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What Does the Bible Say About..Pagan Practices?

You mentioned pagan practices, ie: Halloween, Easter, Christmas and saying bless you when someone sneezes. Could you please tell me where I can obtain a list of these pagan practices and where they came from?


I don't know of any one location that lists all or several of the practices or holidays that have come from non-Christian sources.

I will list several below. Before I do, however, I need to point out that just because they have pagan or non-Christian origins, that does not mean we should not or cannot participate in them. In many cases we have been doing them for most of our lives without realizing their origins. Even if we are aware of them, there are some we may participate in as long as we don't give them their original meaning.

Easter: Originally and properly celebrated on Passover. However, the Catholic Church set a date (and the Orthodox Church a separate date) for Easter specifically to move it away from Passover in most years (2002 being a rare exception). Easter eggs are a non-Christian symbol of rebirth and spring. (See also another questions about Easter.)

Halloween: The whole idea of ghosts and goblins, and particularly of them coming out to attack the living on a Samhain night, is in part of Druidic origin. The giving of gifts or food to appease the spirits is of Germanic pagan origin.

Wedding traditions: Throwing rice has one origin in the wish for good fortune and prosperity for the wedded couple. It may also have had the idea of driving away evil spirits by either throwing things at them or appeasing them with food. Tying cans to the vehicle is to scare away evil spirits. In Germanic countries, breaking porcelain dishes serves the same purpose. Carrying the bride across the threshold goes back to ancient Roman times, when it was to prevent the bride from being tripped by the gods of the doorway. The honeymoon comes from the Druidic Celts. All marriages were performed on Beltane (May Day), which always fell during the Honey Moon (each lunar month being given a name: honey, harvest, etc.). The married couple went into hiding and was exempt from all work and military service until the next new moon. Thus they stayed away until the end of the Honey Moon. (This was an excellent way for the couple to get to know each other better, and is similar to the Jewish military exemption for one year.)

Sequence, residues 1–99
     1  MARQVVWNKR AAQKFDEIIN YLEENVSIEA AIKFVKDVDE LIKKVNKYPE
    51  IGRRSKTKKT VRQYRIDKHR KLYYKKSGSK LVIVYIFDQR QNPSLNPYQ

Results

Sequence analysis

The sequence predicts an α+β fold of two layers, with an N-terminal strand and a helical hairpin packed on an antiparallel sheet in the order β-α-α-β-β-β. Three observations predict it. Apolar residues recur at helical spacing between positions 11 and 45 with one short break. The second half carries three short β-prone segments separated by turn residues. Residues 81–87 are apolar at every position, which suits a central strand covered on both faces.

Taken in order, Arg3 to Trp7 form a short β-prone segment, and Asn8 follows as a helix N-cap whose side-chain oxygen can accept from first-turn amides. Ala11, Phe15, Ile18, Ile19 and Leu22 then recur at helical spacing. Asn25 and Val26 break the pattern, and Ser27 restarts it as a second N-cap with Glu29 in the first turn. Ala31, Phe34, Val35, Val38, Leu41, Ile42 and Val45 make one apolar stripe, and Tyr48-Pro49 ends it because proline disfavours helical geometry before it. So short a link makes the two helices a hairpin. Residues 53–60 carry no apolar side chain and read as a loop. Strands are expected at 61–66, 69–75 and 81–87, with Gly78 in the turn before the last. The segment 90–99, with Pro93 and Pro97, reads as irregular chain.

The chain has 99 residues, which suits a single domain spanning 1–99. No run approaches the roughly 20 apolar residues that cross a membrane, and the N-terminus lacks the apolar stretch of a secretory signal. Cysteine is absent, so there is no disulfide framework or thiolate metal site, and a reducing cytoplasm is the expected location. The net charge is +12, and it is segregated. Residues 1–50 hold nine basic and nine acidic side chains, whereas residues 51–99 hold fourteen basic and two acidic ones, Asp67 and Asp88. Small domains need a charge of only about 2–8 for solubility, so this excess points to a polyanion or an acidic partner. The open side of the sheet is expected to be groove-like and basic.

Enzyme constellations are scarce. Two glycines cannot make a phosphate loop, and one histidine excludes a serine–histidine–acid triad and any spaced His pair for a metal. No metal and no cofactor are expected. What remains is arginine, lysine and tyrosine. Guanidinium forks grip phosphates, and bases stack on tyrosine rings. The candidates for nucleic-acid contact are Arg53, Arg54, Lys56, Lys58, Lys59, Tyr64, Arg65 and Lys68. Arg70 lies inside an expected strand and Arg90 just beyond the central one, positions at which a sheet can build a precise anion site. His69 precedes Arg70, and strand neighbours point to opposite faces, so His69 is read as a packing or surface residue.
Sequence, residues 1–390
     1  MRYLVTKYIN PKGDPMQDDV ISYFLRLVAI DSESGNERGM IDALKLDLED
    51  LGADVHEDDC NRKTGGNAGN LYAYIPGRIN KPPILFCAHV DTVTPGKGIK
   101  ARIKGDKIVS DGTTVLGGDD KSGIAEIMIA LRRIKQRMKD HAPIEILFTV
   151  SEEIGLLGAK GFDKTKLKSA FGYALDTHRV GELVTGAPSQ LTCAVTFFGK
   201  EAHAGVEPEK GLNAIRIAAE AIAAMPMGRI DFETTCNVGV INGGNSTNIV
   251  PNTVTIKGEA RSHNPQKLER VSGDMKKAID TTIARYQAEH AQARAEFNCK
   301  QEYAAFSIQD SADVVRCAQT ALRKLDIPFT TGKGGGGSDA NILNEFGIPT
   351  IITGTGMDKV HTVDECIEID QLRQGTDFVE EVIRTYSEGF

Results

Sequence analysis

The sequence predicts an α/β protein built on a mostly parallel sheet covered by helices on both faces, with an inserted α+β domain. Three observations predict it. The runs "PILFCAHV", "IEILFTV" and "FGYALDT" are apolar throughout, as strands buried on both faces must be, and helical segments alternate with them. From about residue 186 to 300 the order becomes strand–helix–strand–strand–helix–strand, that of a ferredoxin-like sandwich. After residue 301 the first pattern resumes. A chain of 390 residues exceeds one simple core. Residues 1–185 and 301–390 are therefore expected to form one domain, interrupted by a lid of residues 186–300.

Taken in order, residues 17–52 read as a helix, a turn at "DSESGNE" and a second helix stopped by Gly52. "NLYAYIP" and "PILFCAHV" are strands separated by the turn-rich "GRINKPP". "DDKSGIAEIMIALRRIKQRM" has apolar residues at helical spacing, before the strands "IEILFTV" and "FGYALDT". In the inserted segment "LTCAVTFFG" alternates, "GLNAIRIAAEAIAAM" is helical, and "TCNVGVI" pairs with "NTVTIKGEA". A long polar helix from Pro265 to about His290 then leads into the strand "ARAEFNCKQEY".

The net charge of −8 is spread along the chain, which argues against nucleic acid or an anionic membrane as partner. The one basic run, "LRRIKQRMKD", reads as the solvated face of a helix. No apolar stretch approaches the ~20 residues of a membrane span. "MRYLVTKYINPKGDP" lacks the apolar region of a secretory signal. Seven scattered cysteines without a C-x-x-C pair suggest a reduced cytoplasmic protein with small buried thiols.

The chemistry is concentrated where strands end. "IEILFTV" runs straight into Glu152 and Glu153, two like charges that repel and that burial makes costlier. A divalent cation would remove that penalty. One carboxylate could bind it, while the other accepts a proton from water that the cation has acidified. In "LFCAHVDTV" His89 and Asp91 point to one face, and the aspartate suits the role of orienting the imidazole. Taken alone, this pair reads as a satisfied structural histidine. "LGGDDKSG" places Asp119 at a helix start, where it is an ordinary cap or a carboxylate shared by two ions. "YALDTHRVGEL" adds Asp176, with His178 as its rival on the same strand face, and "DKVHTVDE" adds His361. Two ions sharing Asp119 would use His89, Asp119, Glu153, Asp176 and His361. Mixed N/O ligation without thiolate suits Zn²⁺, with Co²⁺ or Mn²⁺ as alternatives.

Saying "bless you" when one sneezes goes back to the idea that evil spirits were the cause for the sneeze. Avoiding black cats goes to the idea that they were familiar spirits for witches. A fear of the number thirteen actually has a biblical background; there were thirteen at the table at the last supper and Jesus was betrayed shortly afterward.

A number of superstitions have logical reasons. It is basically unsafe to walk under a ladder. It is annoying to rock a rocking chair without someone in it. It can be dangerous or just annoying to open an umbrella indoors. Whistling backstage can be heard by the audience and so is unprofessional (although there is a more practical origin to this superstition).

There are probably hundreds of other things we do that have their origins in worship of multiple gods or belief in evil spirits. It would probably be counterproductive to list all of them, because somebody will then try to bind on other Christians that they shouldn't do them, which would go against what Paul said in Col 2:16-17: "Let no man therefore judge you in meat, or in drink, or in respect of an holyday, or of the new moon, or of the sabbath days: Which are a shadow of things to come; but the body is of Christ." We are not to judge others by whether they do or do not participate in practices that have nothing to do with salvation.